“The twist into depth, the struggle to escape from the here and now of the picture plane, which had always distinguished Michelangelo from the Greeks, became the dominating rhythm of his later works,” Kenneth Clark once wrote. “That colossal nightmare, the Last Judgment, is made up of such struggles. It is the most overpowering accumulation in all art of bodies in violent movement.”

Even that may be an understatement. The Last Judgment, which arcs above the Sistine Chapel’s altar, dramatically depicts the second coming of Christ and the final judgment of all humanity. Michelangelo squished 300 muscular figures into the sprawling scene, some representing prominent saints, others were mere mortals ascending to heaven or descending to hell. A scene of intense action, fear, awe, and copious nudity, the Last Judgment has been subject to much judgment itself, often criticized for its busyness and sometimes covered up by Papal censors.

But that very sense of turbulence may be what makes this work resonate today. Its boisterous bodies arrested in tortured movement are precisely what makes it unequivocally Michelangelo, even as his later work leaves behind the divine harmony of the High Renaissance for something more mannerist—and modern.

Michelangelo Buonarroti, The Creation of Adam in the Sistine Chapel at the Vatican Museums, Rome.

Michelangelo Buonarroti, The Creation of Adam in the Sistine Chapel at the Vatican Museums, Rome.

2. The Creation of Adam (1508-12)

Pope Julius II paused Michelangelo’s long labor on the papal tomb to paint the ceiling of the Sistine Chapel. The artist wasn’t interested in accepting the commission—he was a sculptor, not a painter, after all—but he was pressured into it. So it was that Michelangelo, the supreme sculptor, created what is probably one of the most sacred images of Western art history.

At the heart of the epic work is the Creation: God extends his finger toward the hand a newly minted man, Adam, about to imbue him with life (Eve watches from the crook of God’s arm). Few artists had ever depicted the scene as dramatically as Michelangelo, and even in our secular age, it has made it virtually metonymic for the entire story of Genesis in contemporary culture. It is so often invoked, cited, or riffed on for its religious meaning that it may actually be possible to forget just what a terrific act of artistic theater it is.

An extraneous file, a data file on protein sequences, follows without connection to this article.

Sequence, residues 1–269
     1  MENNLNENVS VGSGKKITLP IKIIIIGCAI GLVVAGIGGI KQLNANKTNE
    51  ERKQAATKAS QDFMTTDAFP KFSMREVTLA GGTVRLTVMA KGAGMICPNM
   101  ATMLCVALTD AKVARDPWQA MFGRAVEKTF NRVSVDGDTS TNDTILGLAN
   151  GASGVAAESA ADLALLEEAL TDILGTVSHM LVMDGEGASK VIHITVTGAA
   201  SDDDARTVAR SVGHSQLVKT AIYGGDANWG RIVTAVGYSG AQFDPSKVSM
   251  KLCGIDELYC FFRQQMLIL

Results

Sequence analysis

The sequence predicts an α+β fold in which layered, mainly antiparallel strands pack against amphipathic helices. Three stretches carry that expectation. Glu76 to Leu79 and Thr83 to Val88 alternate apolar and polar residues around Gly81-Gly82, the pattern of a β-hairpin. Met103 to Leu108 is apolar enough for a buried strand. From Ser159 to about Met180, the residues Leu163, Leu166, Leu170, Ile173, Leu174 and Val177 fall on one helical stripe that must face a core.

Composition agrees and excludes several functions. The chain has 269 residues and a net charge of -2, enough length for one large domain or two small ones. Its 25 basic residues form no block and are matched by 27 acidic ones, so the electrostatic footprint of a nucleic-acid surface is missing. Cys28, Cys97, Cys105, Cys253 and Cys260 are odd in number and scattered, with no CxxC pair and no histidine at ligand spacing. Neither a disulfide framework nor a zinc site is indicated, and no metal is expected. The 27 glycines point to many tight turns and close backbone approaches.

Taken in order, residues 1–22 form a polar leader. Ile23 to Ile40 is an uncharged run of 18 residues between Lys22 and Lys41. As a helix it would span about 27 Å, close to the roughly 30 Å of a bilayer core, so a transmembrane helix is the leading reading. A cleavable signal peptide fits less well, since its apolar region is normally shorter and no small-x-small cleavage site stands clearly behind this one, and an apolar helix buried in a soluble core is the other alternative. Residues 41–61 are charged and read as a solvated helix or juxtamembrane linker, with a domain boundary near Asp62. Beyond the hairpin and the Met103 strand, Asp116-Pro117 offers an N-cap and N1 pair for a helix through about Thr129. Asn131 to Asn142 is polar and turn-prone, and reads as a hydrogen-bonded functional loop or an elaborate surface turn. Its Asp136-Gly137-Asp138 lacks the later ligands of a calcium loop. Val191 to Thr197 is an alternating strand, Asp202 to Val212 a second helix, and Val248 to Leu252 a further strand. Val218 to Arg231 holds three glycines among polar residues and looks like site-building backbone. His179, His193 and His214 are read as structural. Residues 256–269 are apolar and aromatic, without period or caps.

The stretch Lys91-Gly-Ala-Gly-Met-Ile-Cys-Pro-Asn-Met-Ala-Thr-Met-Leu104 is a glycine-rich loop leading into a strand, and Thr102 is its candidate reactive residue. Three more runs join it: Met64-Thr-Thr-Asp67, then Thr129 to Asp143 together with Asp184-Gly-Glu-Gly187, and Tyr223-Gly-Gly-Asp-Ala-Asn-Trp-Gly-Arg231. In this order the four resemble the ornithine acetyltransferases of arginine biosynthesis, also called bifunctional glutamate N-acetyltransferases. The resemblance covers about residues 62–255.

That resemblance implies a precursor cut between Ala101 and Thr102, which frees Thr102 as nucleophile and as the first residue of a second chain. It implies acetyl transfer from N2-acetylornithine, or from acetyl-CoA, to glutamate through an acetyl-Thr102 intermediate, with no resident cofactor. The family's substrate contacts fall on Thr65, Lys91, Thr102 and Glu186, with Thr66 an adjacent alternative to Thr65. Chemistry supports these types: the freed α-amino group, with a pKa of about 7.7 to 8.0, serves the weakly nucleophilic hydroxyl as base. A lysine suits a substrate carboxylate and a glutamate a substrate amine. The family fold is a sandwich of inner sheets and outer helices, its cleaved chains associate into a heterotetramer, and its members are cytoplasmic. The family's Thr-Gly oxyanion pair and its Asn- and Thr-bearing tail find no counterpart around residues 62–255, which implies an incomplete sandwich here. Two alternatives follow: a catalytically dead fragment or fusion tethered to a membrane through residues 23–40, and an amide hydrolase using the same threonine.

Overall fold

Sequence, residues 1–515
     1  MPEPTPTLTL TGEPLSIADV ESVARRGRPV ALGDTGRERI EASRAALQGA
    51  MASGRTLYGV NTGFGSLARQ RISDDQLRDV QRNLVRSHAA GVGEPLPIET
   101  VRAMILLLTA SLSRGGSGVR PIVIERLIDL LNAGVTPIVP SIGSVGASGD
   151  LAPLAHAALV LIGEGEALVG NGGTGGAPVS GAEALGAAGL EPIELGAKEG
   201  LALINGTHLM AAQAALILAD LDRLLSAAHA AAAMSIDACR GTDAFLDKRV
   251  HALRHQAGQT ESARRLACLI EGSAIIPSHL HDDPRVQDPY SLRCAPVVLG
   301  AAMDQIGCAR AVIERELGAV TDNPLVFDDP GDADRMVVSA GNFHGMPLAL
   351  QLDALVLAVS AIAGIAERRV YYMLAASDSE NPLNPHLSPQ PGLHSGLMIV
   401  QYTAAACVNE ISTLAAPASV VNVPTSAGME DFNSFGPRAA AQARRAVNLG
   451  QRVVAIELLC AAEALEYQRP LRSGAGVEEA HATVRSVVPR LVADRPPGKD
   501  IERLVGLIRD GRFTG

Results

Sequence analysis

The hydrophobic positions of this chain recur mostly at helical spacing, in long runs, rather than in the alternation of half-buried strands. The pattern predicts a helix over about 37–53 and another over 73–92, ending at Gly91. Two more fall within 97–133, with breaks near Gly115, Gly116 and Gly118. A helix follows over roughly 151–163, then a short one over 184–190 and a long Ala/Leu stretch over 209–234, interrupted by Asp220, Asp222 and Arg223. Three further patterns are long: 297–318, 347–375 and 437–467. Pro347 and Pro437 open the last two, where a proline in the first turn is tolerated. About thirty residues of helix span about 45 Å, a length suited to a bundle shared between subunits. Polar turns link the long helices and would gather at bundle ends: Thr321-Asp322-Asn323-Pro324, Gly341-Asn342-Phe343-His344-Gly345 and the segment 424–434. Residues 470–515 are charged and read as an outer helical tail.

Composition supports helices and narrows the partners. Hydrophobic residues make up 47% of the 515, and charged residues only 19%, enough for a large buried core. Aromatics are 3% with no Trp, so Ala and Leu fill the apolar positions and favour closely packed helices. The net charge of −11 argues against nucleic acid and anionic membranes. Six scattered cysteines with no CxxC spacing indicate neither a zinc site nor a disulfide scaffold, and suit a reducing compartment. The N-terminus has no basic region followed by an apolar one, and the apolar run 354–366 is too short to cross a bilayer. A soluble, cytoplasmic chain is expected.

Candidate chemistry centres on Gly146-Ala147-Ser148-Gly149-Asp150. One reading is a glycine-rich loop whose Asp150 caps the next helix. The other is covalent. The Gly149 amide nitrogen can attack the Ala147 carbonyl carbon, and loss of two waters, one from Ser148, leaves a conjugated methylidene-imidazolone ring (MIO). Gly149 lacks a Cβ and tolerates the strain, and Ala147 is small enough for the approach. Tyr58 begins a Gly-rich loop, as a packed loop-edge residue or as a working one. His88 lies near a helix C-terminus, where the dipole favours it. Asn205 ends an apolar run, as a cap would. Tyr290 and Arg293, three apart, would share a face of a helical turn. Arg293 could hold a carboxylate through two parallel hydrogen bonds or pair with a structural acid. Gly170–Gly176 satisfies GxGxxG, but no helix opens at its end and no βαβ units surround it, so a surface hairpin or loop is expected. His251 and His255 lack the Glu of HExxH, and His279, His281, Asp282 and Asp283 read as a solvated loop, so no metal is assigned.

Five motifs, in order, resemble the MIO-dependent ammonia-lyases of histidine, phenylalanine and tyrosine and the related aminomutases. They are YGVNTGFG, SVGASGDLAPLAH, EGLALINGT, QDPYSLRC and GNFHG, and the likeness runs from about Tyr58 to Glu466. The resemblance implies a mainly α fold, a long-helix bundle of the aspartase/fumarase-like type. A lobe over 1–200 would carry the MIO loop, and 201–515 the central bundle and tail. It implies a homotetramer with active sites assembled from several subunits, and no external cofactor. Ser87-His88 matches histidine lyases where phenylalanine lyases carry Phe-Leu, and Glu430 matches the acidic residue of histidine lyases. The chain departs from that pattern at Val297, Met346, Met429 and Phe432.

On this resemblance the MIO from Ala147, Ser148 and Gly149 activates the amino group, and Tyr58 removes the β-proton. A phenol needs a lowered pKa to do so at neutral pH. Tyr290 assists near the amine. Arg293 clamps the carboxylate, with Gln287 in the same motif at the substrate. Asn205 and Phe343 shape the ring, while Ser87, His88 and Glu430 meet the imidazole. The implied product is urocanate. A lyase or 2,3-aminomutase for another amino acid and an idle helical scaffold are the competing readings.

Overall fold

That’s what Paul Barolsky suggests in his impassioned essay “The Genius of Michelangelo’s Creation of Adam and the Blindness of Art History”:

What makes Michelangelo’s fresco so arresting is its tension—the sense of an event that will only be complete when the finger of God touches that of Adam. God, in Michelangelo’s fresco, is suspended forever, we might say, in the incomplete act of filling Adam with the spirit. This is the ultimate divine non finito… In our post-Christian world, modern scholars are not deeply concerned with he spatial meaning of the fresco, and that is understandable. But to ignore the way in which Michelangelo made his meaning visible is to be blind to a striking manifestation of artistic genius or poetic imagination.

If it were another artist, this incredibly creative depiction of Creation would top any list. Except this is not any other artist, which brings me to…


Michelangelo, <em>David</em> (1501–04). Collection of the Galleria dell'Accademia, Florence.

Michelangelo, David (1501–04). Collection of the Galleria dell’Accademia, Florence.

1. David (1501-04)

It has to be David, right?

The artist was just 26 when he sculpted David. Even at the time it brought him to the heights of artistic fame for its sheer bravura. Standing at more than 13 feet tall, the work was sculpted from a piece of marble that another artist had started carving into for another project but then abandoned because the stone was structurally compromised. This didn’t deter Michelangelo, though, who knew he had the skills to make the marble work for him.

“To be sure, anyone who sees this statue need not be concerned with seeing any other piece of sculpture done in our times or in any other period by any other artist,” Vasari wrote in the Lives of the Artists, making Michelangelo the central character in his ur-art history book, the most vaunted figure of the Renaissance.

The David is different than any sculpture that came before. It is drawn from the well-known Biblical story of a young boy fighting the giant Goliath. But while others chose to emphasize his smallness, Michelangelo’s David is a giant himself: A muscular, confident man prepared for battle. The amazing thing, then and now, about Michelangelo’s David is that the work is both literally a depiction of a larger-than-life hero, and the quintessential depiction of the plucky little guy.